MIPS vs ARM
A number of differences between MIPS and ARM can be identified though both are in the same family of instruction sets. For that matter, MIPS and ARM are two instruction set architectures (ISA) that are available in the world of microprocessors. Both, ARM and MIPS, are based on Reduced Instruction Set Computing (RISC) and they are in register-register type. Both the instructions sets have 32 bit/64 bit fixed instruction size (address space) and both the instruction sets can be configured to big endianness as well as little endianness. Both architectures support backward compatibility. The architectures of both ARM and MIPS are used in processors of smart phones and tablet computers such as iPhones, android and Windows RT tablets, but not in main stream computers such as laptops and servers.
What is ARM?
The main designer of ARM ISA is ARM Holdings. ARM architecture was introduced in 1985 and designed based on RISC. This ISA uses conditional codes in branching. There are several ARM architectures such as 64/32 bit architectures, 32-bit architectures (cortex) and 32-bit architectures (legacy). ARM is the most widely used instruction set architecture in the world. Arm instruction set can be divided in to six broad classes of instructions such as Branch instructions, Data-processing instructions, Load and store instruction, Coprocessor instructions and Exception-generating instructions. Different types of ARM instructions can be identified using the opcode and the conditional flags. There are 16 general purpose registers called R0 to R15 in the ARM ISA and each has a size of 32-bits. R13 register is called Stack Pointer (SP), R14 is called Link Register (LR) and R15 is called Program Counter (PC). ARM ISA supports many arithmetic operations such as add, subtraction, and multiplication. ARM cores have a 32-bit address bus, which provides a flat 4GB linear address space. Memory is addressed in bytes and can be accessed as double words (8-bytes), words (4-bytes), or half words (2-bytes).
ARM architectures are used in smart phones, tablet computers PDAs and other mobile devices. ARM chips are also used in Raspberry Pi, BeagleBoard,PandaBoard and other single-board computers because of their little power consumption, cheapness and smaller shape.
What is MIPS?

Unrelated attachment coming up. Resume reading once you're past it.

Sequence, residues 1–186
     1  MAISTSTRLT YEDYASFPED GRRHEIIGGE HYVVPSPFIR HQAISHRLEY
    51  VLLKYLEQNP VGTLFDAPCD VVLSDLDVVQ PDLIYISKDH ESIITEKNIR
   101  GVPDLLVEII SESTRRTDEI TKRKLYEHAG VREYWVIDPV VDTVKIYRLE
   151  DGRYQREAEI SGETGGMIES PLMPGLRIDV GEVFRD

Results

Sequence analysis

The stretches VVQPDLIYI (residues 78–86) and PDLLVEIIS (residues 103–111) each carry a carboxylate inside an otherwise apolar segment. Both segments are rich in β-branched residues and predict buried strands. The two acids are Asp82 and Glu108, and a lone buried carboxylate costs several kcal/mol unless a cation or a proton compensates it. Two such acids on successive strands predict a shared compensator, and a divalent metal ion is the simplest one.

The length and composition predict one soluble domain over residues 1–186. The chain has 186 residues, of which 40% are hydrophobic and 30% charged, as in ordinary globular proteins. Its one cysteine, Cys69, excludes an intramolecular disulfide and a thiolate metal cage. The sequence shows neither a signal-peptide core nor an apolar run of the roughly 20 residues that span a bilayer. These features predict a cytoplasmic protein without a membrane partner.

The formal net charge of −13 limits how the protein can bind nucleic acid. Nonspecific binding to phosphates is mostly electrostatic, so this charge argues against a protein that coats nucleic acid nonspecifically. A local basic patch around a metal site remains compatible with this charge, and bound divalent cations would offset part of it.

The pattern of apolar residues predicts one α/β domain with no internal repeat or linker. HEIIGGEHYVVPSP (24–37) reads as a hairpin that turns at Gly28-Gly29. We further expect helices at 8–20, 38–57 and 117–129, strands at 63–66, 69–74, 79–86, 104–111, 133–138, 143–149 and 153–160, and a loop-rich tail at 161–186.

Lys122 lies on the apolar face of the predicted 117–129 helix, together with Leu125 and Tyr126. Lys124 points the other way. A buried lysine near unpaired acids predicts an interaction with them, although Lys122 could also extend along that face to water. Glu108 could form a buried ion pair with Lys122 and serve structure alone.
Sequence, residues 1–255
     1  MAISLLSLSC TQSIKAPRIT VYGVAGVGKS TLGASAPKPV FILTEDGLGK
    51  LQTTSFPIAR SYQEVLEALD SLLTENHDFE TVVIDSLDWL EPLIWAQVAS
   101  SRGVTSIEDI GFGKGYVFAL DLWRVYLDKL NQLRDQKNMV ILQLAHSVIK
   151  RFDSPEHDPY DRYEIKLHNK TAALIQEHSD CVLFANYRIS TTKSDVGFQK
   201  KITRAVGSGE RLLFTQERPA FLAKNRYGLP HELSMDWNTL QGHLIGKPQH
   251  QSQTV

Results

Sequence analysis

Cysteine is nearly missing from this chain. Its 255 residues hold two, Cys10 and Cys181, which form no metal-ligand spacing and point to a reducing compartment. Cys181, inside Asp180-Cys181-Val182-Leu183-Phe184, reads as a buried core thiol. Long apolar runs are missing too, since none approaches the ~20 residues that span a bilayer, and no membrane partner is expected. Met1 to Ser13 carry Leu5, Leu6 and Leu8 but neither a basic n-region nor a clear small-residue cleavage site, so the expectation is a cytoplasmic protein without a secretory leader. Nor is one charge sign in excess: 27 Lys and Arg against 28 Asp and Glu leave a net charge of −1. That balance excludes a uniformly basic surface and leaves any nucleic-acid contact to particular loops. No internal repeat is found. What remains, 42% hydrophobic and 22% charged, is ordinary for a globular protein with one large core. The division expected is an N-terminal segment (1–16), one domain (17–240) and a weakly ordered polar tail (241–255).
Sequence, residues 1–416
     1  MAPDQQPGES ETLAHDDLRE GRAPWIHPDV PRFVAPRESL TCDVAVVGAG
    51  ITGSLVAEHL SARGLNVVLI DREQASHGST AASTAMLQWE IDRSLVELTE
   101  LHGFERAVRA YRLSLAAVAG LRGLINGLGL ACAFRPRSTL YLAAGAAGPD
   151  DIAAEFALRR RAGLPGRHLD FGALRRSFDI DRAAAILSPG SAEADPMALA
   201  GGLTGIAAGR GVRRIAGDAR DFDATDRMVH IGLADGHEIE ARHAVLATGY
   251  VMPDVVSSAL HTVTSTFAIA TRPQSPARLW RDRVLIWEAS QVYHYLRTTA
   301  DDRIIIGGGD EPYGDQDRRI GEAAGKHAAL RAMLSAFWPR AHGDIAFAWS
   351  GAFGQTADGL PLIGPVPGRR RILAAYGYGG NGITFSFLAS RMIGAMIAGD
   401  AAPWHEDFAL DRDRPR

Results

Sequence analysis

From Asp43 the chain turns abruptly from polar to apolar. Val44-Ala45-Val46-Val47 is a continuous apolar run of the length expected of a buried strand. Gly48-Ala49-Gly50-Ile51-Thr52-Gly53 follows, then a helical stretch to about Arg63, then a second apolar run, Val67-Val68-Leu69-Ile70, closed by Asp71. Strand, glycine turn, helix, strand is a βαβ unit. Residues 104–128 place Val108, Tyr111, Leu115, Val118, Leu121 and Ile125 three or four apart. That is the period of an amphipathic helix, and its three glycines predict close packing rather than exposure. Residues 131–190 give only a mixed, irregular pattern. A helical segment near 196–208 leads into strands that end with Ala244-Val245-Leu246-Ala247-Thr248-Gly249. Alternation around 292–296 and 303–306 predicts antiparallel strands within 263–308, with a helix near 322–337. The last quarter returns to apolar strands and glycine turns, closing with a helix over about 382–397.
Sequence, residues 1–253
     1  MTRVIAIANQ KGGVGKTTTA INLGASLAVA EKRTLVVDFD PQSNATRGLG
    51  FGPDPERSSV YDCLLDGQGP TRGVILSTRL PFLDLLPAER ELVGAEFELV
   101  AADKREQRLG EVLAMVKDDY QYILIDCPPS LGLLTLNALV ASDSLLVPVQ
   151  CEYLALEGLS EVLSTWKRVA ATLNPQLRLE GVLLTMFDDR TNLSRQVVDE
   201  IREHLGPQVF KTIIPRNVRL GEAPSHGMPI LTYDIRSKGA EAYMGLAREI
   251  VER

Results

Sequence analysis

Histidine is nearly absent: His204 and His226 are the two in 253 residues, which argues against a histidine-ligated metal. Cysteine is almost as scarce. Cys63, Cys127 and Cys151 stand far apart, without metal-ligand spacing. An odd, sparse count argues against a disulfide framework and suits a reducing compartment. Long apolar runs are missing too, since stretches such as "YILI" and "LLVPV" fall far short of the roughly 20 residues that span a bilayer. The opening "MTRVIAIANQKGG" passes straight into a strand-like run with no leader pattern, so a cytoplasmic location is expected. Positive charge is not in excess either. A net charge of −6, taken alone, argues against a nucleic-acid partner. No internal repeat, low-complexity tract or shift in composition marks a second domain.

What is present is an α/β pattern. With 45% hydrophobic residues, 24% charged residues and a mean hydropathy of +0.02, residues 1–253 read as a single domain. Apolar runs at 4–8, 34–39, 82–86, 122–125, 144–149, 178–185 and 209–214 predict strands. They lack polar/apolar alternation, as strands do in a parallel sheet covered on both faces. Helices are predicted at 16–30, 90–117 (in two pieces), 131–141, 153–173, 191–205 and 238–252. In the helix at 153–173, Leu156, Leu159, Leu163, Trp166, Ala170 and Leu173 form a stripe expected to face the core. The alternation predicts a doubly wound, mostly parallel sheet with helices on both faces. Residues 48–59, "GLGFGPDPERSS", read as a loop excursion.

MIPS was designed and introduced by MIPS Technologies in 1981. This ISA is also based on RISC instruction set architecture and has a fixed encoding system. Condition registers are used for branching and MDMX, MIPS-3D are used as extensions. There are three types of MIPS instructions and they are R, I and J. Every instruction starts with a 6 bit opcode. In R type instructions, there are three registers, a shift mount field and a function field. In I type instructions, there are two registers and a 16 bit immediate value while J type instructions follow opcode with a 26 bit jump target. MIPS has 32 integer registers in order to perform arithmetic operations. Register $0 holds 0 and register $1 is normally reserved for the assembler.
What is the difference between MIPS and ARM?
• MIPS and ARM are two different instruction set architectures in the family of RISC instruction set.
• Although both the instruction sets have a fixed and same instruction size, ARM has only 16 registers while MIPS has 32 registers.
• In order to allow efficient context switching, MIPS architecture supports the implementation of multiple banks of registers. ARM provides only general purpose registers for arithmetic operations and all the other functions, but MIPS provides two separate registers to hold the results of multiply operation.
• MIPS has no equivalent instruction to the ARM MOV instruction.
• The MIPS ADD instruction normally generates an exception on overflow, so it is rarely used than in ARM.
• All ARM data processing instructions set the ALU condition codes by default, but MIPS provides the SLT for comparison.
MIPS vs ARM
In the world of microprocessors, MIPS and ARM do a great service on behalf of their instruction set architectures. MIPSis implemented primarily in embedded systems. But, at present, ARM has become much more popular in the industry than MIPS.
- An ARM processor in a Hewlett-Packard PSC-1315 printer by Socram8888 (CC BY 2.0)
- Bottom-side view of package of R4700 by Dyl (CC BY-SA 3.0)